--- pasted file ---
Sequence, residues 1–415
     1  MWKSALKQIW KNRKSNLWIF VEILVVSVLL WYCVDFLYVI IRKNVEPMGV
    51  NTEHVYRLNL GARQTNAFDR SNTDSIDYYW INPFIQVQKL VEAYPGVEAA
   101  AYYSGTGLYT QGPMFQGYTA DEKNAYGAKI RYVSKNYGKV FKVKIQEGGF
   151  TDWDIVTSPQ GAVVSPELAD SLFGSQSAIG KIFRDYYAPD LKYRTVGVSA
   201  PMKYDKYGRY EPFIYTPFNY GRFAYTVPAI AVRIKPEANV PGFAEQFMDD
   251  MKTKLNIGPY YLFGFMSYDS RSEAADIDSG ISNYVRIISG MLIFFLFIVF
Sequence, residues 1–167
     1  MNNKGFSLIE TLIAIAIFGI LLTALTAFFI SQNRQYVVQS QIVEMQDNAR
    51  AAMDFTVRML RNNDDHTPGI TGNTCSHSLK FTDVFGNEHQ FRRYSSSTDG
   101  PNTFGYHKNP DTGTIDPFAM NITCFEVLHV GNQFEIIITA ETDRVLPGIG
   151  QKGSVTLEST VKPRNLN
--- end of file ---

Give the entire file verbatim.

Sequence, residues 1–415
     1  MWKSALKQIW KNRKSNLWIF VEILVVSVLL WYCVDFLYVI IRKNVEPMGV
    51  NTEHVYRLNL GARQTNAFDR SNTDSIDYYW INPFIQVQKL VEAYPGVEAA
   101  AYYSGTGLYT QGPMFQGYTA DEKNAYGAKI RYVSKNYGKV FKVKIQEGGF
   151  TDWDIVTSPQ GAVVSPELAD SLFGSQSAIG KIFRDYYAPD LKYRTVGVSA
   201  PMKYDKYGRY EPFIYTPFNY GRFAYTVPAI AVRIKPEANV PGFAEQFMDD
   251  MKTKLNIGPY YLFGFMSYDS RSEAADIDSG ISNYVRIISG MLIFFLFIVF
Sequence, residues 1–167
     1  MNNKGFSLIE TLIAIAIFGI LLTALTAFFI SQNRQYVVQS QIVEMQDNAR
    51  AAMDFTVRML RNNDDHTPGI TGNTCSHSLK FTDVFGNEHQ FRRYSSSTDG
   101  PNTFGYHKNP DTGTIDPFAM NITCFEVLHV GNQFEIIITA ETDRVLPGIG
   151  QKGSVTLEST VKPRNLN